I’m back in the iTunes top ten today, woo! Thanks ARIAs :)
Feeling all mixed up today about, well, stuff. Pop vs. Classical stuff.
Yesterday, I was at Sydney Children’s Choir (SCC) Saturday School. It’s a very busy day for kids at all levels of the SCC program, with regular choir rehearsals going solidly all day, plus classes in sightsinging and theory at various levels. Some of the older choristers come along regularly to help out their younger colleagues, joining in on rehearsals and classes. Such mentorship is a valuable experience for all concerned and the thought of it always makes me smile. Gosh, they are all such lovely (and clever) kids.
Anyway, one of these lovely, helpful older choristers came up to me after rehearsal and was all excited about the today’s ARIA Awards ceremony. She was asking about the event, the television coverage, the red carpet, etc. etc. I felt kind of embarrassed to inform her that the winners of Best Classical, Jazz, World, Original Soundtrack, Original Show/Cast make no appearance at the awards, that we had our nominations and awards announced in a single breath, somewhat unceremoniously (does that make it an “unceremony”?) too early on a Wednesday morning in mid October. The young chorister’s face was genuinely downcast after I revealed that news to her. I felt awkward.
If you’re an Australian pop, rock, dance, indie, alternative, country blah blah blah artist, it’s your night-of-nights tonight. I’m finding if difficult to resist the urge to compare myself to these people, so I’ll stop trying to resist.
I went through six pretty tough years of music school, working hard to gain a solid theoretical knowledge of how music works, a detailed knowledge of the historical context of a vast range of repertoire/composers/styles, and a very broad appreciation of everything from the esoteric to the approachable. Sorry to utter a cliché, but it’s a continuing journey and I am always learning more about music. This is what I love most about my work.
Unbelievably, it may still surprise some pop musicians to learn that classical musicians tend to be much more open-minded about the music they choose to listen to. I can only speak for myself, so I will say now that I am quite as happy to listen to Gotye, Radiohead, Nightwish and Florence and the Machine as I am to listen to Bach, Schubert and Nico Muhly. They are all wonderful creators of music in their very different ways. I really don’t know very many pop musos who could say a similar thing about their listening habits (but if you’re out there, please raise your hand!). Most pop musicians are snobs. There you go, I said it.
It’s not that popular musos aren’t wonderful, I just feel that they are somehow overvalued in comparison to classical musos. It’s all about the musician’s skill set and this is brought into relief when pop+classical are required to work together. Sometimes it’s a joyous experience to work with non-classical musicians, for example, a current joint project between Sydney Children’s Choir and the Latin American folk band Tigramuna. Slightly frustrating on occasion, but soooo worth the effort and I’m learning heaps!! Other ‘collaborations’ are simply annoying - a recent high profile event organiser sent through a vocal score for the SCC kids to learn and record. It had wrong notes, the tessitura was extremely uncomfortable for a pop song, there were fiddly vocal parts to learn, with bad voice-leading in the harmonisation. If it had been a harmony and counterpoint assignment from one of my university students, I would have failed them straight away, no question. It took us 45 mins of rehearsal to learn something that should really have only taken 10-15mins absolute maximum.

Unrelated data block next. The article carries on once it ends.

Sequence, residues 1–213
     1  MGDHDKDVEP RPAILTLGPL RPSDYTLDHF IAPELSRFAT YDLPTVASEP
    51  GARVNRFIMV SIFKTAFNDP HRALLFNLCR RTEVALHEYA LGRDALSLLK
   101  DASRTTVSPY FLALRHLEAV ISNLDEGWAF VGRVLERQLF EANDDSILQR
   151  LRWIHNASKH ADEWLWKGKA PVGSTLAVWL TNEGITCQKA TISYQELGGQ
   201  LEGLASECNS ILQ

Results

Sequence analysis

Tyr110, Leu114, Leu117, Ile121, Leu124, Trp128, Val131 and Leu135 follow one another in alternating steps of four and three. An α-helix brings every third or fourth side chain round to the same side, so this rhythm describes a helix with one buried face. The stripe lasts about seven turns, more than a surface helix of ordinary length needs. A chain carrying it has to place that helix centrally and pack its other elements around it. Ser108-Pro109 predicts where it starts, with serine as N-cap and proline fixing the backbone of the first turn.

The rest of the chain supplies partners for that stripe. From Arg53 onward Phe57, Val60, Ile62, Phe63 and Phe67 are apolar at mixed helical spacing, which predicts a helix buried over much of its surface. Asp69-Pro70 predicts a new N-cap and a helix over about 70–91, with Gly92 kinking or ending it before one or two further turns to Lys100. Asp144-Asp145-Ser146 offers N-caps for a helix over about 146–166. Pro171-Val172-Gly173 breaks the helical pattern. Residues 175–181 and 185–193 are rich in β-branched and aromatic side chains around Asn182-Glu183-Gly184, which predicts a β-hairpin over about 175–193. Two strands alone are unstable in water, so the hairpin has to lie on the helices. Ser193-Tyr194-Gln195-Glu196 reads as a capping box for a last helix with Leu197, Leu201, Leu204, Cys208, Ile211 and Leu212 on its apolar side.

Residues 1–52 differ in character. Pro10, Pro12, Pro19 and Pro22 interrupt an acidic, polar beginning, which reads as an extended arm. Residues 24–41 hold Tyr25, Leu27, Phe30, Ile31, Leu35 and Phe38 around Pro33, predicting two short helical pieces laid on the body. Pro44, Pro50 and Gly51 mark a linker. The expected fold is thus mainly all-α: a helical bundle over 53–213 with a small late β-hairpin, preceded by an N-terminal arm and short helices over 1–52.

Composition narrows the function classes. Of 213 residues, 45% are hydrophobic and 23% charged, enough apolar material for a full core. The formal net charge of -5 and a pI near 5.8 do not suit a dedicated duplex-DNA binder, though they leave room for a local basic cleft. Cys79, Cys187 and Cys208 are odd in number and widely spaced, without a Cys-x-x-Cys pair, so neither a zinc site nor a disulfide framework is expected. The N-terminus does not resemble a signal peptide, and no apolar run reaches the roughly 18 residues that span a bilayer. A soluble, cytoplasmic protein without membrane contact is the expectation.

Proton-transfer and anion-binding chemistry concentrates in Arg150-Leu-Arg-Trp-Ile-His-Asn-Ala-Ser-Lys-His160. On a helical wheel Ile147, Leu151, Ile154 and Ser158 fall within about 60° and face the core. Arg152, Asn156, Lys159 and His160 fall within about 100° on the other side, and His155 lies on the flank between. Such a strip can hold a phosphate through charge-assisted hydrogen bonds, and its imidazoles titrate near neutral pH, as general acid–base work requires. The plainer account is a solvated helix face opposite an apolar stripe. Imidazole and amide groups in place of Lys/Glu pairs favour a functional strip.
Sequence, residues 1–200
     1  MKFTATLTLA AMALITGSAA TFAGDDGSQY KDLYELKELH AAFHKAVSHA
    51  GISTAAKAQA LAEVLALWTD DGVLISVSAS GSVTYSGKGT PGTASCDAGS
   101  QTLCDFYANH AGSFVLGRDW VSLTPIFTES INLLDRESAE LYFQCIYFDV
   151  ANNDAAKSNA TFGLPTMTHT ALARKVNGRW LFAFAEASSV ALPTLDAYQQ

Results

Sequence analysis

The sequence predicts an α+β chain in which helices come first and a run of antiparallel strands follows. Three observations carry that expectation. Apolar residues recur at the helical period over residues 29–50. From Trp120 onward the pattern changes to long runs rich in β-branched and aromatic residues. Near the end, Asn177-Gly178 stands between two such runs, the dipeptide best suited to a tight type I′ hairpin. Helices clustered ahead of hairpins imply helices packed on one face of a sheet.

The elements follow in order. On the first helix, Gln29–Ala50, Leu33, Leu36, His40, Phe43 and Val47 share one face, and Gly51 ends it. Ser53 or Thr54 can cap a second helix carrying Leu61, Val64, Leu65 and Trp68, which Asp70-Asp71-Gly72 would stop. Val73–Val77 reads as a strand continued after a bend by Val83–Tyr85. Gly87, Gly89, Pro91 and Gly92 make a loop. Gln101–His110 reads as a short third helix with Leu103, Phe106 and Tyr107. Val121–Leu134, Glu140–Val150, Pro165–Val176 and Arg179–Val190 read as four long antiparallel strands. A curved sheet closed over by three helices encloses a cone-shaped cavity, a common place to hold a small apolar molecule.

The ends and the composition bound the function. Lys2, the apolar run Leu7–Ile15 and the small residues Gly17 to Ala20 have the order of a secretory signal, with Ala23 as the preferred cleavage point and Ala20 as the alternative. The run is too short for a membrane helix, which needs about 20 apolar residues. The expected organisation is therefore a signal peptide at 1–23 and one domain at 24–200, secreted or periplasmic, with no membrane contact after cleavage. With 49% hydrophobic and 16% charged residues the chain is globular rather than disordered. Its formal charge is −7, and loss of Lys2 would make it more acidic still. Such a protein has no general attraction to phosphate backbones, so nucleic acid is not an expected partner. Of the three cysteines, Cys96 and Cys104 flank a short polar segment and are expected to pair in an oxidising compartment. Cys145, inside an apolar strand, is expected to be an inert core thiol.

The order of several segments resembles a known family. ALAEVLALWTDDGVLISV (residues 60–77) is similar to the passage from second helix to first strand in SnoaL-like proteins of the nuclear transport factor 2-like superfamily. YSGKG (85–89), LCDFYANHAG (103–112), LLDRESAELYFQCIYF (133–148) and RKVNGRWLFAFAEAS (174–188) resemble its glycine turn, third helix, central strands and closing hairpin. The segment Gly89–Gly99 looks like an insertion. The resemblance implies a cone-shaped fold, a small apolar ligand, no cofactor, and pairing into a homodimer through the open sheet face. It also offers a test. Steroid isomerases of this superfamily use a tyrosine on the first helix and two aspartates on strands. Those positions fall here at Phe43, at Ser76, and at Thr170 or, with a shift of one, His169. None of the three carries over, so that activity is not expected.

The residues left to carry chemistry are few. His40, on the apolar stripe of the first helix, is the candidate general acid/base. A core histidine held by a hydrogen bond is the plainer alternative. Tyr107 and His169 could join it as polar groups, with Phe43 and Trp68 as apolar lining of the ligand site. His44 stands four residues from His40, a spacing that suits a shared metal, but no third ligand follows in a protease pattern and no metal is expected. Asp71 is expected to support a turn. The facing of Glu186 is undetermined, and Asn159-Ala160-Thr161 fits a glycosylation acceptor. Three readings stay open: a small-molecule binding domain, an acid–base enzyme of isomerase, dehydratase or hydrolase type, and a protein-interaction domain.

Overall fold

You haven’t even heard the most hilarious part - they sent through a track “so we could hear what it sounds like” (as if we can’t hear it off the page??) and the singer was auto-tuned. Auto-tuned!!!
And these are the people we revere as great musical artists??!!
Perhaps I should just stop with the comparisons, and live in a ghetto of educated musicians away from the snobbish pop people. But that would be dull! Classical musicians are doing their bit to reach out into other realms, but it would be nice if the pop world (i.e. the musicians and their machines) would reach back more often. Please, guys? Good luck to you all for tonight’s ARIA Awards. Hopefully I’ll see you around.
I am very excited to announce that my album Mad Rush - Solo Piano Music of Philip Glass just won an ARIA Award for Best Classical Album.
A number of people I would like to thank in writing.
Philip Glass, for creating such beautiful music for me to play.
Martin, Robert, Laura, Natalie and the team at ABC Classics/Universal for giving me the opportunity to share my little abstract minimalist offering with the world.
Wayne Stuart for being brilliant and inventing an incomparable and truly unique instrument upon which to play.
Virginia for working out where to put the microphones (A Stuart piano is really tricky to record!)
Vahe for looking after the instrument so lovingly.
My family, for always being supportive of me and this crazy classical music thing I chose to do with my life.
And last but definitely not least, my beautiful partner Glennda who is singularly the strongest and kindest person on this earth. I really don’t know what I would do without you, my beautiful girl.